Then he got out his razor blade and cut off the offending piece of my toe (it was really quite small) and didn’t hurt a bit – I’m pretty sure the “anaesthatising” hurt more than if he’d just done it without!
I know it was a teaching hospital, but ALL of the doctors looked under 25 – I couldn’t see any of the actual teachers! It was all a bit worrying, but luckily there’s also a nice clean expensive clinic for foreigners, so if I ever get really ill I’m definitely going there instead!
Then I got a larger-than-necessary bandage, although it did make me feel less ashamed of being there, with a giant bandage on my toe!
We hobbled off and I went off to meet my mates (what with it being Friday).
The numbing stuff worked fine, and it didn’t hurt all night (the vodka may have helped there too) although it’s sore today, (could have been all the dancing) and I’ve got to go home and change the dressing – I’m feeling a bit hungover, so may milk the sore toe as an excuse to curl up in front of a movie back at the orphanage!
Last night was really fun too – we found a new bar that’s just a big outdoor garden, with big bonfires scattered around for heat and a really good live reggae band – it was really awesome.
So, that’s the hilarious story of how a trip to the post office cost me a chunk of my big toe!
On another happier note, I weighed myself at the pharmacy (while waiting for the doctor to come) and have now lost about 9 kilos (not counting the loss of toe!) – about a stone and half, since I got here.
I’m loving the dhall bhaat too – even though we eat it twice a day, every day, I seriously can’t get enough of it!
I’m still veggie, and that’s going fairly well – it’s easy being here, and have signed up for the meditation course starting on the 14th January.
On a less hilarious note, Raj, the 15 year-old terrified me yesterday. He’s new – he’s only been staying with us for about 3 weeks, and is insanely skinny. I’ve watched him eat, and although all boys that age eat like there’s no tomorrow, Yamraj eats with such intense concentration – it’s hard to explain, and I don’t know much about his past, but I’m positive that he’s known real hunger before. It’s not just malnutrition, it’s an intensity with which he eats that’s hard to describe.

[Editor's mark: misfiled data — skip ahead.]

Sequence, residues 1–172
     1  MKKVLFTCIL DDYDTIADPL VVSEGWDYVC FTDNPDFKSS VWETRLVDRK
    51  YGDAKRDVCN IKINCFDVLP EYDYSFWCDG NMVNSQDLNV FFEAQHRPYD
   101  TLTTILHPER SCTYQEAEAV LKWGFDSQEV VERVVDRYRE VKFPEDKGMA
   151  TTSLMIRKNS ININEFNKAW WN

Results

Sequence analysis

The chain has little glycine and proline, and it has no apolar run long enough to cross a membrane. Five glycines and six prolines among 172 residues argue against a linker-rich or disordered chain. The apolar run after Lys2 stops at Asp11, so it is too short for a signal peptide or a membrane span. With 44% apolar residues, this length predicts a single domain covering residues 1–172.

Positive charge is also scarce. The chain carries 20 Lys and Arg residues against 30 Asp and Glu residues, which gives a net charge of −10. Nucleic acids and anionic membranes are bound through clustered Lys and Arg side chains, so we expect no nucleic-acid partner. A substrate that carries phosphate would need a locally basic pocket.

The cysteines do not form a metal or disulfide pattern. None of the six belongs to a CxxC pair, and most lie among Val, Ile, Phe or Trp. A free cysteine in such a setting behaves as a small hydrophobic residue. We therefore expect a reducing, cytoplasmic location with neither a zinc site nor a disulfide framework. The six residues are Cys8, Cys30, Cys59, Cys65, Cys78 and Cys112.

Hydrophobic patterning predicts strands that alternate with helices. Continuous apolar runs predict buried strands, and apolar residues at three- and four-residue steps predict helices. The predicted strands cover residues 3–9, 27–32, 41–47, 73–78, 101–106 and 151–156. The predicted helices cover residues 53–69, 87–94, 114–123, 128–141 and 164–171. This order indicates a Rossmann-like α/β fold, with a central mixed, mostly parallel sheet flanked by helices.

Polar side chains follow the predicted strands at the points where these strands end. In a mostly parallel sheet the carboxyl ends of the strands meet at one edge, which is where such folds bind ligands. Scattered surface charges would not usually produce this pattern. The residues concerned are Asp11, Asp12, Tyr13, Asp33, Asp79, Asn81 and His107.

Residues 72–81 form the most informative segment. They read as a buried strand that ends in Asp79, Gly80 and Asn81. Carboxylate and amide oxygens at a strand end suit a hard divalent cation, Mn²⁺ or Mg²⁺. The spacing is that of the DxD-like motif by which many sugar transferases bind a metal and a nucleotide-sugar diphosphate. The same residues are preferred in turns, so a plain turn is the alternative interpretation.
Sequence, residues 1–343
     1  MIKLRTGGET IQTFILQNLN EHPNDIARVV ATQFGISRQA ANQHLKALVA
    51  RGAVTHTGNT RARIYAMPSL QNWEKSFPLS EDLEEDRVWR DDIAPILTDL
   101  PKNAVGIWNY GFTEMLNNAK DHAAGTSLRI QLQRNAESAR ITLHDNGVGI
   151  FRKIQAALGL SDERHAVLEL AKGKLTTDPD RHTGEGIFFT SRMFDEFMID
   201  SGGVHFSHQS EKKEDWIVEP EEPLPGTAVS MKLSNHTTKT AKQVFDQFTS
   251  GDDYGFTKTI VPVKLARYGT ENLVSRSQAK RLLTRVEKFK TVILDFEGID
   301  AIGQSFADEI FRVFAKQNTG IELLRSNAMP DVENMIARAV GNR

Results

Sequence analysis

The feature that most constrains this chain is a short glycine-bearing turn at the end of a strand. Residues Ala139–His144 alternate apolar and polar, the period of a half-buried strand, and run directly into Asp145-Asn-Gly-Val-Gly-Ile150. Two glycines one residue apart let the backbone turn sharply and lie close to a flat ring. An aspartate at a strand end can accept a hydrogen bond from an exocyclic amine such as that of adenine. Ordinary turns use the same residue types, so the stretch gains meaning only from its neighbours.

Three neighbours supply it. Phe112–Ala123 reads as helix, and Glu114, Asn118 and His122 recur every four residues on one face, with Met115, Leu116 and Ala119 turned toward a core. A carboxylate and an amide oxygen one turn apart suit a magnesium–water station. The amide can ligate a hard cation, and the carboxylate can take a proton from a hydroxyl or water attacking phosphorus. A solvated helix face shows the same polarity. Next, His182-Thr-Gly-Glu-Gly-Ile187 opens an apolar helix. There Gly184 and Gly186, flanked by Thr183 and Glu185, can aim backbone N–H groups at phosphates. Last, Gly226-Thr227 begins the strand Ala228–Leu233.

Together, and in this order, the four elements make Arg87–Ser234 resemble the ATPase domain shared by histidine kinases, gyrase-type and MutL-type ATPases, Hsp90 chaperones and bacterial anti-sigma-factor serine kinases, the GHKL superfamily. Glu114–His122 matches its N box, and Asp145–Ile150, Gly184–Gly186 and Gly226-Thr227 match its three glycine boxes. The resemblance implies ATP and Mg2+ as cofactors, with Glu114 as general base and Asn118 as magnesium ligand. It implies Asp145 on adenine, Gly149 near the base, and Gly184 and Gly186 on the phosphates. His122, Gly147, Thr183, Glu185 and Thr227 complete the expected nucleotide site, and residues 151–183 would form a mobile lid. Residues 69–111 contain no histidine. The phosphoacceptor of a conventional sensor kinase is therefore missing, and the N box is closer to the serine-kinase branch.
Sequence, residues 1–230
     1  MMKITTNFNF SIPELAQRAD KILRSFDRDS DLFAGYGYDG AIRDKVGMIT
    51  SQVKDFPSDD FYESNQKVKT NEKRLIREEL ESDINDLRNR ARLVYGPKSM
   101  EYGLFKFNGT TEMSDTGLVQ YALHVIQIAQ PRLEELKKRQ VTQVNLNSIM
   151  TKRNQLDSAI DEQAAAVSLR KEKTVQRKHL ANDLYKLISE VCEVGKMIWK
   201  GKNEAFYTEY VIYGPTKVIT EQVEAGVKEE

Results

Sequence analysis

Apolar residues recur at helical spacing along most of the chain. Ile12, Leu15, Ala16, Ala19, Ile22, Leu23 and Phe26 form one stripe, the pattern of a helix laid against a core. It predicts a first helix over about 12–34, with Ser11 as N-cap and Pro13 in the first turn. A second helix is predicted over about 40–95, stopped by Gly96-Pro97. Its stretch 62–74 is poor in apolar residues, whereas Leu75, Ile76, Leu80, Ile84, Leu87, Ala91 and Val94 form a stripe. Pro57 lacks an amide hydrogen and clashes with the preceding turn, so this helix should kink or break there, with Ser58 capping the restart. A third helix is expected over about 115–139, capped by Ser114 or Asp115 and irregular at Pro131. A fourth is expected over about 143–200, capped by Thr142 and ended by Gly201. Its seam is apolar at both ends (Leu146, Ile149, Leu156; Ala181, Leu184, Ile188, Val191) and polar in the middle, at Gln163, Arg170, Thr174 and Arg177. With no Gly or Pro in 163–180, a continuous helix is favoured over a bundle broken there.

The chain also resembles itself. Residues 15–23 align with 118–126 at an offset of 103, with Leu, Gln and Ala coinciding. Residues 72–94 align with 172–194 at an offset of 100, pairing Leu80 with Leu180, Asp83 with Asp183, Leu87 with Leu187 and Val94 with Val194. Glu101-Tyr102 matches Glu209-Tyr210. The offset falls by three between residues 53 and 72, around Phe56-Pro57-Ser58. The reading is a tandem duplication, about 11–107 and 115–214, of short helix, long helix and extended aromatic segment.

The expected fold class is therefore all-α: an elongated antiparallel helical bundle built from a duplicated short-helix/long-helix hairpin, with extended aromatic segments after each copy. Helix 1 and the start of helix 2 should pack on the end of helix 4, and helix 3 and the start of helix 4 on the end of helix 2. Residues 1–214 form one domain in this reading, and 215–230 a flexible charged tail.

I’ve noticing him subtly trying to nick food from the kitchen before, and while I’d have no problem telling off any of the other kids for doing that, I haven’t had the heart to tell him not to yet.
Anyway, when we were at the pharmacy weighing ourselves, he really scared me. He hopped on the scale, and he’s quite tall for a Nepali boy, maybe about 5 foot or 5.1, but he only weighed 35 kilos!
To put that in perspective, he’s a fifteen year old boy, and Nicole Ritchie was fatter than him at her most anorexic. That’s roughly 5 and a half stone, or about 75-80 pounds, for those of you with different measurements, but it’s fucking scary.
I wondered if he has worms, but I think I’ll have to give it a bit longer and see if he starts to put on weight – after all he’s only been here three weeks.
It does make me very glad and thankful that I’ve never known what it’s like to be truly hungry, because I don’t think it’s something he’s ever going to be able to forget.
So, off to nurse my hangover and sore toe, feel free to laugh at my unfortunate accident. (and by the way, no need to be genuinely concerned – it really was a very small piece of skin/nail that got removed – nothing at all serious, I just like to exaggerate lots!)
tons of love
ps – I have also now set up the fundraising website to help out the kids at the other orphanage. I’ll update you all on the situation in my next email, it’s still trundling along a bit slowly.
The website page for donating is:
(same as it was before actually), and I’ve also created a group on facebook called “Maya’s Sponsored Silence” – please invite your friends to join too).
Anyone wondering what I’d like for Christmas, please donate something for the kids instead – It really will make a difference, and I can personally guarantee the money will be placed directly in the right people’s hands and will be spent on the kids and no-one else. If we raise enough, we may even be able to pay for them to go to school next year.